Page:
When contemplating a life on the road, one of the first questions is “Where do I go?”. Once one is out there, this question becomes “Where do I go next?” Continue reading
Trip update: The presentation last Saturday at Florida International University went well, in my humble opinion. The crowd was small, so with all day to cover the topic of running a freelance business, we could answer everyone’s questions in depth without giving up any of the planned material.
These classmates are now also friends.
Sunday, I sang my last service with the choir at Saint Thomas Episcopal Church. Tim Lester and my friends at that church made feel truly welcome. Public worship, especially with music, restores my soul and recalibrates everything for the coming week.
On Monday, I rode to Boca Raton via Fort Lauderdale. An excellent Italian lunch with Rosanna and Tommaso preceded my checking in with Ruth and Robin, who hosted me for two days while I waited for a front to pass. The time allowed me to send out estimates that I had promised, and to start this article. Wednesday, I rode the 146 km to Stuart, almost all on US Route 1, with bike lanes almost the entire distance, a warm sun balanced by cool air.
I am still in the Stuart/Fort Pierce area, hanging with world traveler Josh. For three weeks, I enjoyed warm sunshine. It is turning colder now, but worse is yet to come.
Trip update. Still living in Pinecrest, Florida, with my colleague Giovanna and her family. This week has been devoted to preparing for the presentation today at Florida International University. It is called Getting down to business: Management accounting for T&I Professionals. I designed the course to teach break-even analysis and basic organizational skills to any kind of freelancer. I will be presenting on this topic again in Philadelphia in April. Today’s program is an all-day workshop with hands-on exercises. Continue reading
Trip update: I am in Pinecrest, Florida, a village south of Coral Gables. My host is also a freelance translator, so her family and I have had plenty of time to work in our respective spaces around the house.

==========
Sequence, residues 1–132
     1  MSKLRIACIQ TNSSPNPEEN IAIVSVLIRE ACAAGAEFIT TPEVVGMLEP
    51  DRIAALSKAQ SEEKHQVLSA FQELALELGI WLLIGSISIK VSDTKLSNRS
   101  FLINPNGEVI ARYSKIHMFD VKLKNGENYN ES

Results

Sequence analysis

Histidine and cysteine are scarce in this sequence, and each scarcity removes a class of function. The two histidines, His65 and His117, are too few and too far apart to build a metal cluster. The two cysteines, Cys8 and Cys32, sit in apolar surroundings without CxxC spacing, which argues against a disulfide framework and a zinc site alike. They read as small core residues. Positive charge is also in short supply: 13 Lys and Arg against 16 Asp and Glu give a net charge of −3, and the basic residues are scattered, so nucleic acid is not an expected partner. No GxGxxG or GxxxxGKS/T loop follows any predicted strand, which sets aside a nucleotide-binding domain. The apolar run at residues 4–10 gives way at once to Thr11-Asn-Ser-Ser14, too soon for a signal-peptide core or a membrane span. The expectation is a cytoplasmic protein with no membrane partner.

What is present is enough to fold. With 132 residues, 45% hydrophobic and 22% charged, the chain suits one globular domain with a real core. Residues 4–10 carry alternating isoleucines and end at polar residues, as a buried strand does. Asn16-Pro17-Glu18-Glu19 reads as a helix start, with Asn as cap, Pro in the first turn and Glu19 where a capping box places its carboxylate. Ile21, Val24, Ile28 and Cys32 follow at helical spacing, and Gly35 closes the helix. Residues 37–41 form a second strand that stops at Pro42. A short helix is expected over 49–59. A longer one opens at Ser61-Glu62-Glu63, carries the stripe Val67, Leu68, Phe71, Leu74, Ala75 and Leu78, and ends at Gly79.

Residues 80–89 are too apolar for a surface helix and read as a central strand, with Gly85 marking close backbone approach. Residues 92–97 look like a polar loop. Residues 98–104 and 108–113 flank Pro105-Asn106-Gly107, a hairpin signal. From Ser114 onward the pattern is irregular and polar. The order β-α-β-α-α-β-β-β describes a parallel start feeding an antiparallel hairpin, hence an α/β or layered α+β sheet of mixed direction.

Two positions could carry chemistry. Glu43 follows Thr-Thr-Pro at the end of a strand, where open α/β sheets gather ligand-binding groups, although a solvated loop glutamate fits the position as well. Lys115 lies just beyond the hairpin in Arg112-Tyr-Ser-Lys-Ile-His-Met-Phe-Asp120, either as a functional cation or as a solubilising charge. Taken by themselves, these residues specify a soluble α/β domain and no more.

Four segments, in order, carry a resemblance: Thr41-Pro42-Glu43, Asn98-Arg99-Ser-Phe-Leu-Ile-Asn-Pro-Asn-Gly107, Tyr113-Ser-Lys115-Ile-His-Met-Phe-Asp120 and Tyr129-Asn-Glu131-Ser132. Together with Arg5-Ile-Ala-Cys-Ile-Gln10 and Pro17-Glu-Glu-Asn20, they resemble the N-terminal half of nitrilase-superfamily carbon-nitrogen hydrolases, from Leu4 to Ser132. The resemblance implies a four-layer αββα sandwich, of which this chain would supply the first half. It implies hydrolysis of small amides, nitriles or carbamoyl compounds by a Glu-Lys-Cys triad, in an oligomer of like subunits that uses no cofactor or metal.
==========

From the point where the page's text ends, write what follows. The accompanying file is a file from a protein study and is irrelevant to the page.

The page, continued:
A bicycle kit may get stares in fine restaurants, but it still gets service. Seasons 52 in Coral Gables.
On Saturday, I had dinner with Stefano, another colleague, and his wife Lucia, at Seasons 52 on the Miracle Mile. He has been freelancing on the road for more than 20 years, because his principal activity is missionary work – for which he is not paid. His translation work is their family income. Even without a bicycle, he has certainly proven that he can make a living while travelling to churches and missions all over the world, with and without his family.
Tuesday, another translation job came in, which kept me off my bicycle for two days. As I worked indoors, heavy rain beat on the roof. While I was working, ATIF, the local association of language mediators, invited me to present an all-day workshop at Florida International University, so I will be staying in the Miami area for an extra week. Considering the weather that awaits me up north, I cannot complain!
It is time to take stock of this idea. After four months on the road, how do I feel about it? Continue reading
Trip update: I hated to leave Tampa, but I have people to see and appointments to keep in other cities. Tampa will remain a pleasant memory for the good company and the smooth roads. I really enjoyed running errands and meeting friends. Covering 100 km in a day just seemed so normal in a flat place like Tampa Bay. Continue reading